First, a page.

- So here is some old wisdom… You need to following to succeed:
- Systematic Approach to Common Emergency Presentations
- Broad knowledge of Emergency Medicine
- Refined Communication Skills
- Demonstration of ‘FACEM‘ level problem solving and decision making (The examiners have NOT changed and will have specific expectations of a prospective Emergency Specialist)
- Lots of Practice Papers (sat in real time)
- Use of professional and efficient language to describe your assessment and management
- Candidates must have an understanding of what assessors (WBA) and examiners (FACEM exam) are looking for in order to achieve success
- Seek feedback from your local consultants and colleagues
- Adopting highly structured ‘bullet point’ approach with your responses at an early stage is advised
Key Point – “Success in the FACEM exam depends on both knowledge and technique.”
Therefore, our notes covered both exam technique and relevant content in a short hand format.
We suggest you make your own notes with the focus of your notes being on the on the likely content for MCQs and SAQs in the new format.
We saved A LOT of time using Medical Applications (and not textbooks) for quick reference during study sessions. You can look up the information much faster electronically even if you are not an expert with computers. We particular recommend using WIKEM on your tablet or smart phone – WIKIEM is essentially like the ‘Dunn’ textbook (short notes) taken from Tintinalli and Up to date and therefore just perfect for quick recaps at the touch of a button.
- An Unavoidable Fact:
- Preparing for the WBAs and the FACEM exam will take a significant amount of time and effort… However, by sharing your experiences and using many of the excellent online resources that we have outlined you can make some shortcuts to success.
- The most important thing is to have a sensible plan and plenty of support from friends and family.
- On the big day always Read the Question carefully and watch your time
- While studying make sure to give yourself a pat on the back and a break once in a while… (not to mention an nice cup of tea or coffee to prevent too many caffeine withdrawal symptoms)
- Unlike undergraduate exams, this exam requires a ‘Marathon like‘ effort over a long period of time, often with family, financial and full-time work commitments
- It’s a very important exam but your life outside the exam is also important – not only that – but short breaks may actually help you do well in the exam (Starling’s curve = too much stress = reduced performance)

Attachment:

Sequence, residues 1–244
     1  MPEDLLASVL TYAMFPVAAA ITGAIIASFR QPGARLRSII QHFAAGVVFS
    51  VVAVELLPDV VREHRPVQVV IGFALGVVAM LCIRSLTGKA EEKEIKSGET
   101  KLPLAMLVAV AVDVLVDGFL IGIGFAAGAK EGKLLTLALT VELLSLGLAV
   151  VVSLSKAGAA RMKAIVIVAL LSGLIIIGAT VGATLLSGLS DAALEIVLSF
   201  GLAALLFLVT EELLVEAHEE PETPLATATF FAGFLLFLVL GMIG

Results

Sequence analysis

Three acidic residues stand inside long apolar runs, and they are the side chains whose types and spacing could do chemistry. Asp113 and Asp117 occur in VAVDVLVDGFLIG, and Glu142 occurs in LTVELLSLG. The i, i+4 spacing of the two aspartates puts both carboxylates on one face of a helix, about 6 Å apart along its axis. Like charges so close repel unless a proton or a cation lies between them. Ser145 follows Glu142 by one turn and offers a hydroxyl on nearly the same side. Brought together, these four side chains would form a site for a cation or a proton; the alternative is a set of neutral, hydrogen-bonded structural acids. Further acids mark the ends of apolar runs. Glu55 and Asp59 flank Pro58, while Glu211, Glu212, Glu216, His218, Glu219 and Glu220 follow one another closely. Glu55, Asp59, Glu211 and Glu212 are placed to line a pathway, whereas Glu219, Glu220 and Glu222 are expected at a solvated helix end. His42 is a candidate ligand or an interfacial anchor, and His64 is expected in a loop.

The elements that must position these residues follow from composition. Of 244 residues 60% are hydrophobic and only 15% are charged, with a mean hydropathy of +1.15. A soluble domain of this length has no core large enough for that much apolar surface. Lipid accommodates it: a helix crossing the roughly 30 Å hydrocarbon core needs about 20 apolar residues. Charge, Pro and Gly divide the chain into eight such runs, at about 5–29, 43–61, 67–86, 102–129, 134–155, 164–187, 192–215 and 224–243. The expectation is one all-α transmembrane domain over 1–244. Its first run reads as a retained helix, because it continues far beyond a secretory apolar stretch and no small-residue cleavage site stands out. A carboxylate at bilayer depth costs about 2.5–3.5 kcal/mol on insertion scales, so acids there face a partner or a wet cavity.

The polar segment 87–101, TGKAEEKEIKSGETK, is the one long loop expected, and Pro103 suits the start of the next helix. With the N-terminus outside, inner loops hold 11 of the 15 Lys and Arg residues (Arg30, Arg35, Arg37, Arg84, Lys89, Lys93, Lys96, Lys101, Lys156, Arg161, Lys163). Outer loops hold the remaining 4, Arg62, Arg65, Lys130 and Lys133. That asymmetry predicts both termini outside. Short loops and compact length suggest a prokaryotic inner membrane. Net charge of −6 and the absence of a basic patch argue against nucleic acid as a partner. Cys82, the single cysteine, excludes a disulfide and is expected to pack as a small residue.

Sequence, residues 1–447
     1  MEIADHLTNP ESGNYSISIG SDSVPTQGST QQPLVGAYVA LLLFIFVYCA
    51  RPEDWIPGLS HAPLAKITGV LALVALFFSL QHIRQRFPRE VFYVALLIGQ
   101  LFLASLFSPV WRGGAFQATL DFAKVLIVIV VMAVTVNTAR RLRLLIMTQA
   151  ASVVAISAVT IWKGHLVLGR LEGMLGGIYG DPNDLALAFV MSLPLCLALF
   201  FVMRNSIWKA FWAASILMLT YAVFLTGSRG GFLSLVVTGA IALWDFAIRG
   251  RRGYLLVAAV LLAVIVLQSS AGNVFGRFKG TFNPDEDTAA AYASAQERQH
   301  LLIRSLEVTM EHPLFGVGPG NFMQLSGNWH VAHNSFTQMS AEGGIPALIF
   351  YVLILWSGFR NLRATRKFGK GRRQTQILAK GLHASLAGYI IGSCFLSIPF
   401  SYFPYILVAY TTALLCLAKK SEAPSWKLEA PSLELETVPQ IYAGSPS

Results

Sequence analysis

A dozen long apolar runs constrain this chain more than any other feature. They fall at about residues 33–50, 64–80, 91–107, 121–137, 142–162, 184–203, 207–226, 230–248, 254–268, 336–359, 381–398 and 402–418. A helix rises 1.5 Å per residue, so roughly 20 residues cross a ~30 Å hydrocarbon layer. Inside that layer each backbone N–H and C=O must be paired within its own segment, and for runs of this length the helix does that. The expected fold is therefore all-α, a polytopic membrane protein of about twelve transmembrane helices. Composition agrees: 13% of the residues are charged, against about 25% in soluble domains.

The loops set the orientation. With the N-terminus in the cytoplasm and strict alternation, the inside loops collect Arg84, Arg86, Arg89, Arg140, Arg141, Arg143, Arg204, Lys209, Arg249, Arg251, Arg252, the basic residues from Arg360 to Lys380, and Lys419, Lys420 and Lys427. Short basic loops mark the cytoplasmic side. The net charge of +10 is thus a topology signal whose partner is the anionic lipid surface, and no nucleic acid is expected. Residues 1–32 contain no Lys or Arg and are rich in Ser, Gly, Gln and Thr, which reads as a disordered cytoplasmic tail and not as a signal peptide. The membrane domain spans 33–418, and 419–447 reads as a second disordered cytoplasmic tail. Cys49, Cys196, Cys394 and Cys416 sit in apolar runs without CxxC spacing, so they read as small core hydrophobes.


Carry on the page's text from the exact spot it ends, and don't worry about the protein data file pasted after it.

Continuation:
- Take advice from your consultants and colleagues seriously
- You should ask honestly whether you are ready to sit. Consider bringing forward or delaying your first attempt at the exam after taking this advice.
- The latest information about the Exam is found by looking at the Training Examination Handbook:
- Click Here (use “Control F” to search the PDF)
(1) Use a rapid revision technique to look up answers – one option is to use online textbooks or journal articles in PDF or similar electronic format:
- Once the file is open use the CONTROL F (Find) function on your computer to rapidly search for the information on the page (this saves hours of looking through Index pages of large textbooks)
- In New South Wales (Australia) free textbooks with search functions are available at C.I.A.P. (most health services around the world have similar local access)
- ‘CONTROL F’ search can be used using our notes (in PDF format above) to rapidly search for relevant content
(2) It may seem obvious but read the question both carefully and from the examiners point of view. Why have they made up this question? Be suspicious of double negatives and long winded stems (*which are usually wrong). Try writing a few (maybe 5 or 10) MCQs yourself to get in the examiners mindset.
(3) Share your recalled questions with each other. Many hospitals have banks of MCQs and I-MEDUCATE has a variety of questions for a subscription rate membership…
(4) Have a study group of like minded candidates for both the written and clinical examination (choose wisely). Support each other in your local study group
- Key Exam Tip – Keeping to Time
- In the MCQ exam your will find there is a lot of spare time whereas in all other parts of the exam you will find yourself under significant time pressure.
- The exam rewards consistency so avoid spending extra time on any on question or point in order to score 100 percent.